Sunday, April 28, 2013
First Test Drive Repairs
After last weeks test drive I found a few things that need attention. This includes soft brakes, loose trailing arm shims and this little jewel, a detached speedometer needle.
It took 3 hours to remove the steering column and dash, push the needle back on, then reattach all the dash wires, switches and cables and reinstall the steering wheel. It's all done. Whew...
The gas gauge wasn't working because of a bad sending unit. That requires the tank to be siphoned.
Then the spare tire tub has to be removed.
I already had a spare unit, the one is in the foreground. It came with a new o-ring and locking ring. I replaced everything. The fuel gauge works fine now.
The brakes were soft. I checked the National Corvettes Restorers web site to see if there was a trick to bleeding the brakes. The most recommended solution was either to open the bleeders and use gravity or pressurize the master cylinder. A vacuum pump was not recommended. I decided to pressurize the master cylinder (shown).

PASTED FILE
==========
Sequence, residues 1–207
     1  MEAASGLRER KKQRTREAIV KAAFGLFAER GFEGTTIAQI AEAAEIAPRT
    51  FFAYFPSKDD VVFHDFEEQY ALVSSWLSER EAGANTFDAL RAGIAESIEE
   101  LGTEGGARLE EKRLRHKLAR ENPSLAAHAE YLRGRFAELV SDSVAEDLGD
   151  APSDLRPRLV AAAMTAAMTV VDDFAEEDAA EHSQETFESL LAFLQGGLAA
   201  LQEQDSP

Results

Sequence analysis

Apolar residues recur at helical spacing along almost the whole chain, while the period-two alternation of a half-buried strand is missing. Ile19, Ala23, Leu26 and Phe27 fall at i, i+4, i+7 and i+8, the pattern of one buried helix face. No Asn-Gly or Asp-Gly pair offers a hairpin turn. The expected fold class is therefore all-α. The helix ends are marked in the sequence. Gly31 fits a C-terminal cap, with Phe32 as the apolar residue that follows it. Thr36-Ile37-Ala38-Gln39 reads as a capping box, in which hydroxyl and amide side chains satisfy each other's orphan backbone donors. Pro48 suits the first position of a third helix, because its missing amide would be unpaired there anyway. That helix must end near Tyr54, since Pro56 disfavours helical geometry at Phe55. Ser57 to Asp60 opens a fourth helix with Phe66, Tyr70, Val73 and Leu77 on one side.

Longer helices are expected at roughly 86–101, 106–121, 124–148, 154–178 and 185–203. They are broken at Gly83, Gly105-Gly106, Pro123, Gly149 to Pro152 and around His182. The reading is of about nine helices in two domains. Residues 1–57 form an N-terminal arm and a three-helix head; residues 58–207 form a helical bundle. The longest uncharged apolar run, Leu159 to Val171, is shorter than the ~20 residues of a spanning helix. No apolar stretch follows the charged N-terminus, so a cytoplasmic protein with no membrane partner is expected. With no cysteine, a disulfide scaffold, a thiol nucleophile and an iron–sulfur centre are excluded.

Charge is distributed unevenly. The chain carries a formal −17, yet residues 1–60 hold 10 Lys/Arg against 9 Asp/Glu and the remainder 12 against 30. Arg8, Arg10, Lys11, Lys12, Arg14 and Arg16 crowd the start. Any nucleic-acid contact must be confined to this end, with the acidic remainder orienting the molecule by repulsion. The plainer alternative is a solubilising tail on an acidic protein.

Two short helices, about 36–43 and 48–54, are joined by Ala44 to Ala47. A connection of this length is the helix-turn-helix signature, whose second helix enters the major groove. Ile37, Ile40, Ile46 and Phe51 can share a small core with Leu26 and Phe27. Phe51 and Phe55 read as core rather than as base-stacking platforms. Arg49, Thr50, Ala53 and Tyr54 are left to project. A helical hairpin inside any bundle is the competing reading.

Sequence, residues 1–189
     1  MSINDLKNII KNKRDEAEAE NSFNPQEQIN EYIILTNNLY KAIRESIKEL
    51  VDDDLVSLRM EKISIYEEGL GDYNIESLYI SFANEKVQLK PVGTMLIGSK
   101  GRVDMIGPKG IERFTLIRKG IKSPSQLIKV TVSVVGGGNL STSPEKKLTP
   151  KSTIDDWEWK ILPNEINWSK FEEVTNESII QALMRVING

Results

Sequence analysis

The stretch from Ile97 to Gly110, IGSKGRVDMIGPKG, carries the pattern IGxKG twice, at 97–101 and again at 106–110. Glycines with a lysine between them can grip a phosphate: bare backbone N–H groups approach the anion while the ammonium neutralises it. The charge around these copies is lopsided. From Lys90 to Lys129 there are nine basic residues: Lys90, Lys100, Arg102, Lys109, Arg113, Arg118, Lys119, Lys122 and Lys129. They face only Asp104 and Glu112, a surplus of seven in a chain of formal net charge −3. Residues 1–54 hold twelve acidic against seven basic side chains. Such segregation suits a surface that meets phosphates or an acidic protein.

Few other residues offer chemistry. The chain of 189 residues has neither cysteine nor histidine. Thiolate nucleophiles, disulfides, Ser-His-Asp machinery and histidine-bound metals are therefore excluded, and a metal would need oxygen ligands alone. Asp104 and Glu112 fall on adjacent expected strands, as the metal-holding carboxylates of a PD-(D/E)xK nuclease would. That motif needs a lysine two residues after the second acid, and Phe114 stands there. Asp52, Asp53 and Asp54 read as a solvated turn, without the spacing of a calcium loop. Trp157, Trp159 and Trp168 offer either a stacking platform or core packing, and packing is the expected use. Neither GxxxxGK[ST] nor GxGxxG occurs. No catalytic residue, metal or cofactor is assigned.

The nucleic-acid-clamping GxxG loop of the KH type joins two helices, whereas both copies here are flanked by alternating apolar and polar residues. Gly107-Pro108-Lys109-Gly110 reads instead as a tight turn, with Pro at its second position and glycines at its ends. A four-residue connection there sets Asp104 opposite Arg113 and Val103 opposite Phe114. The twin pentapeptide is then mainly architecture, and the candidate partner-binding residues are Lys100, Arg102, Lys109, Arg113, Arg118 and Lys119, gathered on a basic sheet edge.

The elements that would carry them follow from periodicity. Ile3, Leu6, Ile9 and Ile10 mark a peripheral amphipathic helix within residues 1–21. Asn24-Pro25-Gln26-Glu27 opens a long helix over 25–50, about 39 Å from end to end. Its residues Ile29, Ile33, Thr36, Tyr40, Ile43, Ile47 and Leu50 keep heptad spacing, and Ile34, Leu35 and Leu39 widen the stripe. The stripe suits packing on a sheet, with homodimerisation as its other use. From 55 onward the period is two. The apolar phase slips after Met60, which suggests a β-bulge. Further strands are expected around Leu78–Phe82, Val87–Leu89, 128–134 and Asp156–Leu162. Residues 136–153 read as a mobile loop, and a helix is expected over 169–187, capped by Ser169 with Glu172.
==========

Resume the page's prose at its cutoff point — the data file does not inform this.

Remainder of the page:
I built a simple plastic lid with an air fitting. I added a large flat washer as reinforcement.
A standard clamp held the cap in place. It only took about 5 psi to get the brake fluid moving. There was a large air bubble in the left rear caliper. The brakes are much better now.
I found loose trailing arm shims at both trailing arm locations. My shop manual says the shims have to be packed tight then t torqued to 60 foot pounds. They're tight now.
Here is one of the shims.
They get stacked side by side and go on both sides of the trailing arm. This view is from the front of the rear tire looking up.
If you haven't guessed, I took the Corvette out for another test ride this weekend to verify everything above. All is well but I did find a new issue. The right side of the engine is leaking oil at the #2 spark plug. I called Matt P. and he recommended I put thread sealer on all the head bolts and exhaust manifold bolts. That's a job that I will address in the next post.
So, instead of ending on a sour note I thought you'd like to see the headlights in action. Check them out in this video. A special thanks to Ty for restoring the headlight buckets a few years ago. They work great.